On the one hand, the church calendar can get a bit repetitive. I mean, weren’t we just waving palms? I know it was about a year ago, but it seems like we just heard this story, doesn’t it? Sure, I think it was from a different gospel, but how many times can you learn about Jesus riding into Jerusalem? How much can you learn from him being greeted with “hosannas”? We already know that the people were expecting the wrong thing from him: that he was supposed to be some conquering king. We also already know why Jesus was really there: we know the kind of king he would be and where this journey would lead. As important as this day might be in the story of our salvation, can we say it’s new to us? Don’t we know this story already?
But on the other hand: the Holy Spirit is always up for a challenge. I’ve been reading this story, at least once a year, for as far back as I can remember. Heck, I’ve been preaching some version of this story for something like twenty years. I’ve studied each gospel’s version. I’ve read them in the original Greek. I’ve read commentaries, talked to friends about it, and listened to other people’s sermons on the Palm Sunday stories. But I’ve got to tell you: this story has never spoken to me before in the way it does today. Maybe it’s the season of my life; maybe it’s the season our church is in; certainly it has something to do with the unexpected voice of the Spirit, but today I find this story to be surprisingly important for us.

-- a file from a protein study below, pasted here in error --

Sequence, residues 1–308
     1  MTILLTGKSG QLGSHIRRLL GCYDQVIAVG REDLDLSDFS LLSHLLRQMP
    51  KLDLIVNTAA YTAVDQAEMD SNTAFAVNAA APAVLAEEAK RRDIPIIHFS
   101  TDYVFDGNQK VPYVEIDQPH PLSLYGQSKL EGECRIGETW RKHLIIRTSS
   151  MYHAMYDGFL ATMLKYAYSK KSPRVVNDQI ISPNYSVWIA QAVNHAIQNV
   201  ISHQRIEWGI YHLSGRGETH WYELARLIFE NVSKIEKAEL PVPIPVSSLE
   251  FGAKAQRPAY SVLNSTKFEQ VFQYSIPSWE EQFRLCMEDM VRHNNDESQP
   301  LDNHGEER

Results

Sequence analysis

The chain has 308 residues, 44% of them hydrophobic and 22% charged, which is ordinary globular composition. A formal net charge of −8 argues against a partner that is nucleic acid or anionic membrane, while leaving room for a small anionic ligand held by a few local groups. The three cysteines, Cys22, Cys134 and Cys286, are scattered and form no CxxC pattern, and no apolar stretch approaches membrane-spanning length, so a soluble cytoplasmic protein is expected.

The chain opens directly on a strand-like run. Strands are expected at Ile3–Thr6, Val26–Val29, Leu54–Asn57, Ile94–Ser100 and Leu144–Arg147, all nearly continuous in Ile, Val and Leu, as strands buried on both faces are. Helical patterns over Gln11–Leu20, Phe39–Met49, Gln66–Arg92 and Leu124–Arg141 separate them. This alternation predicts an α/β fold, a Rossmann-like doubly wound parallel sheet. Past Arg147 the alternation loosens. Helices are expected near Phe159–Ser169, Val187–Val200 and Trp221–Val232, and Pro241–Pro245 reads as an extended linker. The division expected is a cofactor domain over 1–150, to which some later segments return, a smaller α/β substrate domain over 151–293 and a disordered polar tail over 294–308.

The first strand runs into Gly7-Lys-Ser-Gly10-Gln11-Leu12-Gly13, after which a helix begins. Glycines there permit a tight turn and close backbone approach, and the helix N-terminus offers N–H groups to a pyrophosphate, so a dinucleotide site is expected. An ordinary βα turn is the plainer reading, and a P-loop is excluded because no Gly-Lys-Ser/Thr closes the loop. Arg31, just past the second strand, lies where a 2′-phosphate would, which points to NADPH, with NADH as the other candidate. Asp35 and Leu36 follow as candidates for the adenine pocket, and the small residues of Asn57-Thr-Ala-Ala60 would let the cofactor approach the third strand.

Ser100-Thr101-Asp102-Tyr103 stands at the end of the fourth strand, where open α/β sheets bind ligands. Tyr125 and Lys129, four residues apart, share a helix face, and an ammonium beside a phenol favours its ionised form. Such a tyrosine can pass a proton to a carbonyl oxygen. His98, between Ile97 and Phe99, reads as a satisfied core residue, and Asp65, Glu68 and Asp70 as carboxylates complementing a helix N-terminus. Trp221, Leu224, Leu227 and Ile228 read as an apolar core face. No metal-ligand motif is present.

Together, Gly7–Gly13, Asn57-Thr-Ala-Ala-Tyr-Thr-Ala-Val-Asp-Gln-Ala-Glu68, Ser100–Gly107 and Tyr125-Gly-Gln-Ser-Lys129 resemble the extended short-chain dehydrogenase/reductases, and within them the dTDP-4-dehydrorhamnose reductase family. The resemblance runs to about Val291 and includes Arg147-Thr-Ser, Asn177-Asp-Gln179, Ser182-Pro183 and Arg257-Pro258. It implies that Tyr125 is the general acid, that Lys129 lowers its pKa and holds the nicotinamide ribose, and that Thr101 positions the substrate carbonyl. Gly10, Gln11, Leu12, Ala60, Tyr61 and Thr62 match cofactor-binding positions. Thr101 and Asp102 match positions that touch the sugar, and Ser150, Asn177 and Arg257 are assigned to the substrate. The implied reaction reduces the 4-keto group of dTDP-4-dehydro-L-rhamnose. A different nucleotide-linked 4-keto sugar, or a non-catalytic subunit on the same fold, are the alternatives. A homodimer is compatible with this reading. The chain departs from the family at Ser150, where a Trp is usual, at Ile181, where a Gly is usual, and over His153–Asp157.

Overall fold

This is more than a parade. This is more than, for once, Jesus getting treated as more than just a carpenter’s son. I think—as Jesus rides into Holy Week—this is Jesus showing his followers how to follow him past it. “Go over there and get me a colt,” Jesus says; but it’s more than just about a colt. “Tell them the Lord needs it,” he says, and somehow that works. This is a story about the followers of Jesus doing something weird because Jesus said to, and it winds up proclaiming the coming Kingdom of God. This is a story about us following Jesus into this world in such a way that makes those around us say, “Hey, what are you doing?” And that’s just the start.